Sunday, May 10, 2015

Abortion in the Civil War Era

Excerpted from: abort73.com

During the 1840's and 1850's, 13 states passed laws forbidding abortion at any stage. Three others made abortion illegal after quickening. In 1856, the Iowa Supreme Court held that pre-quickening abortion was not a crime, but in the next legislature, the prohibitions against pre-quickening abortions were restored 27-0 and 53-1.16 Despite this newfound devotion to legislative intervention, abortionists continued to make inroads. They began advertising heavily in the Penny Press, though never using the word "abortion." Women were offered instant relief from "menstrual suppression," or were told of pills that were so effective at restoring a woman's regular monthly cycle that they should never be taken by pregnant women (hint, hint).

Abortion made its biggest gains, however, on the back of another infamous and fast-growing American practice: prostitution. Increased industrialization made business travel far more common for many American men, and the anonymity that went along with such travel gave them far more opportunities to seek the "comforts" of a prostitute.

For the prostitutes themselves, higher wages for a lot less "work" was hard for many young women to pass up. By the middle of the century, there were somewhere in the vicinity of 60,000 prostitutes employed in America.

With not much in the way of birth control, and with an average of 30-40 sexual encounters a week, frequent pregnancy was a given. Since being pregnant would put them out of work, abortion became the happy alternative. New York detective John Warren noted that abortionists were "flourish[ing] and grow[ing] rich from prostitution as a source of income'.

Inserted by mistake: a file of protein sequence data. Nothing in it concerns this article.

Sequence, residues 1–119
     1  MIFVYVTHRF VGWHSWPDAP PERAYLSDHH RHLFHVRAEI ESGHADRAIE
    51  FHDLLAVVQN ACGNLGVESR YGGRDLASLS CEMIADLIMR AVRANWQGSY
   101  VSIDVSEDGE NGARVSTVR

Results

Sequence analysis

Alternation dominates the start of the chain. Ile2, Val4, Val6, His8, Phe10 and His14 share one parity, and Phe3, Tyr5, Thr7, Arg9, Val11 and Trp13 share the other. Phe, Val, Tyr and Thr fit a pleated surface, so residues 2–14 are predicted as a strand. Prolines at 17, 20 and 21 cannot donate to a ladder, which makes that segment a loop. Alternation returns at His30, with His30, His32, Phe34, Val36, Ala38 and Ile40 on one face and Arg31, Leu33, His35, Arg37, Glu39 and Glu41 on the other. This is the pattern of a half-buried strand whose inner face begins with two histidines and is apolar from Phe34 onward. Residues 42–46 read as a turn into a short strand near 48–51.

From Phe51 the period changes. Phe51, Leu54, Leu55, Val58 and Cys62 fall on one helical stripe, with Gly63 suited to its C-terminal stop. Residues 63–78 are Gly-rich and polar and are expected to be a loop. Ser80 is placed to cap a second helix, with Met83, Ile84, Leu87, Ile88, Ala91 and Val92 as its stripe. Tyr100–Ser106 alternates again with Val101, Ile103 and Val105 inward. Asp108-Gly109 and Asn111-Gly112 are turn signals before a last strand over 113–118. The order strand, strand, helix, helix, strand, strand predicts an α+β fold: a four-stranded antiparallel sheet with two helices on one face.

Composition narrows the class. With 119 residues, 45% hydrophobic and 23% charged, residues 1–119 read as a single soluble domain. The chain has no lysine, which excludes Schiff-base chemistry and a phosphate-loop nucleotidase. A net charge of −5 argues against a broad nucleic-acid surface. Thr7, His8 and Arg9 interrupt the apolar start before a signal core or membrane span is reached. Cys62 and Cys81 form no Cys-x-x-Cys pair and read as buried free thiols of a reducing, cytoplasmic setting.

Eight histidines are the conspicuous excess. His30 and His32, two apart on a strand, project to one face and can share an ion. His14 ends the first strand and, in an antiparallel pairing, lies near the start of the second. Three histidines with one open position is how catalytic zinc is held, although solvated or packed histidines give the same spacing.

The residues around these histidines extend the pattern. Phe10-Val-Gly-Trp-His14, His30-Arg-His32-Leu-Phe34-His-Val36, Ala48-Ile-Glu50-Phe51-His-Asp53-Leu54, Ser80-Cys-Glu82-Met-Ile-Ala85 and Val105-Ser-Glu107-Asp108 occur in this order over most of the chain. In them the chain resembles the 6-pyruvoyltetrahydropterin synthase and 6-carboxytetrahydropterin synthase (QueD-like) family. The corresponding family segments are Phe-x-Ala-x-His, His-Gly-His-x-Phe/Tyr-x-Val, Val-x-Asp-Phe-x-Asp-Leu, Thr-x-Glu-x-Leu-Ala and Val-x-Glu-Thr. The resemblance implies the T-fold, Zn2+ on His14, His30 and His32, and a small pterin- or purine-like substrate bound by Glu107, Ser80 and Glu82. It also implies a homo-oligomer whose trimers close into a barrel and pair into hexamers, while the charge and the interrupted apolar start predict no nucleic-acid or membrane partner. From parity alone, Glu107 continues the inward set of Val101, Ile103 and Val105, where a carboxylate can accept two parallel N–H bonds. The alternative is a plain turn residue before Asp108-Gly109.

Many doctors agreed, "Our profession is not entirely clear of complicity in the crime of feticide. Tempted by thirty pieces of silver ...individuals may be found in whom the honorable instincts and teachings of the guild are lost in the influence of unprincipled cupidity."

Then, like today, many abortionists entered the field driven by profit rather than principle, and saw an opportunity to secure "loans" and guarantee wealth. Those seeking out abortion have always valued their anonymity, and abortion providers have not always been scrupulous in their demands to not leak information. One of the 19th century's most notorious abortionists, Madame Restell, made an art of securing large "loans" from former clients, loans that were never returned. According to The New York Times, "The residence of Mme Restell is one of the best known in New York...Her wealth is entirely the proceeds of her criminal profession."


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